Lucia Dacome

Lucia Dacome

Berenson Fellow
Medical Encounters: Health and Slavery in Early Modern Italy
(January-June)

Biography

Lucia Dacome is Associate Professor and Pauline M.H. Mazumdar Chair in the History of Medicine at the IHPST, University of Toronto. Her research focuses on themes at the intersection of the social and cultural history of medicine, the history of the body, and the history of health-related practices, encounters and knowledge exchanges in early modern Italy and the Mediterranean world. She is the author of Malleable Anatomies: Models, Makers, and Material Culture in Eighteenth-Century Italy (Oxford University Press, 2017). Her research has also appeared in Past & Present, Journal of the History of Ideas, History of Science, History of Psychiatry, Renaissance Studies, Studies in History and Philosophy of Biological and Biomedical Sciences.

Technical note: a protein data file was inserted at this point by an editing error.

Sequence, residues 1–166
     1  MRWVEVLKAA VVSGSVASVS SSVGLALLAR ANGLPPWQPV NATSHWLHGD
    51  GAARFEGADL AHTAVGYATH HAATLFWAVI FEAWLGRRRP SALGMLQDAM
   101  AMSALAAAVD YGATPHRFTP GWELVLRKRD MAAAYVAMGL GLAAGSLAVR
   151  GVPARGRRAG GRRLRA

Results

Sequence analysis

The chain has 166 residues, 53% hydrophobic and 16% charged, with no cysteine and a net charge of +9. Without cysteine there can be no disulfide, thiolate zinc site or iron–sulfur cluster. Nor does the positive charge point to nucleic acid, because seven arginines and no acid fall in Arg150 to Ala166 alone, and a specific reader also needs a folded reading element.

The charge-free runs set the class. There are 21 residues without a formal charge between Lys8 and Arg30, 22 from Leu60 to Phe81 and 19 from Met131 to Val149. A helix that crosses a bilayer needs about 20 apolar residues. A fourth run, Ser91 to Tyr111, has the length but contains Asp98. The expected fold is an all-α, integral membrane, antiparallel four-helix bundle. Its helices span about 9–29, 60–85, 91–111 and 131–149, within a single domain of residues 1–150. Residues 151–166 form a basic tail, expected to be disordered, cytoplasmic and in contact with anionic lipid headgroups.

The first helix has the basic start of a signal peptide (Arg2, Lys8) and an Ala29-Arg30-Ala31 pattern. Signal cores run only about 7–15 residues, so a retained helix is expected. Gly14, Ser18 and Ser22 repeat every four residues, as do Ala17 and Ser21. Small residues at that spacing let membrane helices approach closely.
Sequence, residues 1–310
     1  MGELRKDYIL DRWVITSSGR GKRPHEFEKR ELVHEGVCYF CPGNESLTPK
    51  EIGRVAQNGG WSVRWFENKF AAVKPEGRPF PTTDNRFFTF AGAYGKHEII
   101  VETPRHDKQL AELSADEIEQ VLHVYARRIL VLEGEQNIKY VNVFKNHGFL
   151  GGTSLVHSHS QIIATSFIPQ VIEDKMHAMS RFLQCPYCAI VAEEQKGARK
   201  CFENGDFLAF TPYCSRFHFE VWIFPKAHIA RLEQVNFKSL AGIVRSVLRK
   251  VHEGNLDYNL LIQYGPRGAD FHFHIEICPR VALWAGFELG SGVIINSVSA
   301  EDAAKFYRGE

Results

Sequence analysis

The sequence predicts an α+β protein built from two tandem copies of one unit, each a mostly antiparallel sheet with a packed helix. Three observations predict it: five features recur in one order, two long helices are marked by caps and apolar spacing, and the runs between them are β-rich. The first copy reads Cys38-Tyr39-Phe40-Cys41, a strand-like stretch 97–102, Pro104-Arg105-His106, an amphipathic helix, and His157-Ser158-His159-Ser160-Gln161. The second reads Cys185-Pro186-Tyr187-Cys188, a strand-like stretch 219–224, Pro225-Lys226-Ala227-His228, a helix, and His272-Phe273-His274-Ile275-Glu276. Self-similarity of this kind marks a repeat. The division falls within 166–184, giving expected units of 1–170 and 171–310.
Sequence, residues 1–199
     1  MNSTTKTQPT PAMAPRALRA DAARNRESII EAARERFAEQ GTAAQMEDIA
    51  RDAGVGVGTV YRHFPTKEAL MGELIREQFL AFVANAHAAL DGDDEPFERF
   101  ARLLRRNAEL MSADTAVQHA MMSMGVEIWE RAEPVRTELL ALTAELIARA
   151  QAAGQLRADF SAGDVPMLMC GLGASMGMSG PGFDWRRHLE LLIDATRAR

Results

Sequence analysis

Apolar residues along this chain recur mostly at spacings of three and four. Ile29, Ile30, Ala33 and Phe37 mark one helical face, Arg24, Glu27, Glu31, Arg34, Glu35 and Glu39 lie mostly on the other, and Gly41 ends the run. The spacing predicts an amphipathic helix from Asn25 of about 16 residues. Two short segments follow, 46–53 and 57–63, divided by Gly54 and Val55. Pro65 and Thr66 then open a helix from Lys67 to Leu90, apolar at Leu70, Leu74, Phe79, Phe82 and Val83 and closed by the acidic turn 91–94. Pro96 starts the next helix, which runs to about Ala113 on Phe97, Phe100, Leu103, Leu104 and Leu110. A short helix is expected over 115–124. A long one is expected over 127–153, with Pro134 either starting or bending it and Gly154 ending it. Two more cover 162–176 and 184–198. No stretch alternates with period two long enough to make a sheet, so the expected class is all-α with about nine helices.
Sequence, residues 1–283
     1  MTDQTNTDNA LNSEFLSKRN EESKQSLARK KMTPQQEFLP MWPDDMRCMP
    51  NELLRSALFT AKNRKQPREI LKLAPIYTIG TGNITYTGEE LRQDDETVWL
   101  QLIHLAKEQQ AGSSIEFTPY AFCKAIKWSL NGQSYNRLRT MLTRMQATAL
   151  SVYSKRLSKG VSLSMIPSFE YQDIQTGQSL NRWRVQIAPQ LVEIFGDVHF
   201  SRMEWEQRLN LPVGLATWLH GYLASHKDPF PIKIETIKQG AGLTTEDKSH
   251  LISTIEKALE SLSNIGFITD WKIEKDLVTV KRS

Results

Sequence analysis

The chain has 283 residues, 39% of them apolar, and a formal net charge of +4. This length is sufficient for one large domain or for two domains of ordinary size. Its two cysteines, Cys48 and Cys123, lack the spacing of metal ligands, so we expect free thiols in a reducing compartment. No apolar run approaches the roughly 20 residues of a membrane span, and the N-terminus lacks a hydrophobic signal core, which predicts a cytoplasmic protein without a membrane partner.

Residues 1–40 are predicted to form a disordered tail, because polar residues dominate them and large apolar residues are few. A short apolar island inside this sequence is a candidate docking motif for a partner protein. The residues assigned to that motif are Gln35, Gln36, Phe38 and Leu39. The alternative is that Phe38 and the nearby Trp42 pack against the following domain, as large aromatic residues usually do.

Project Summary

This project considers the place of health in the context of migration and slavery in early modern Italy. Historians have described the early modern Mediterranean world as a fluid and permeable space of encounter, characterized by both conflict and exchange. Throughout the early modern period, port cities enacted more or less porous borderlands that controlled the movement of humans and non-humans across different social, cultural, and religious settings. But what kind of spaces and practices of health were developed as a result of such encounters? And how did such practices frame Mediterranean interactions? This project addresses these questions by investigating the spaces and practices of health and bodily care that were developed in the context of slavery in the early modern Italian territories, with a special focus on port cities such as Livorno and Civitavecchia. One of the aims is to shed light on the histories of captives from the Ottoman world who participated in healing practices and knowledge. Another aim is to reconstruct how the practices and forms of knowledge emerging in these settings contributed to shape both the early modern world of healing and the relationship between the Italian territories and the Ottoman world.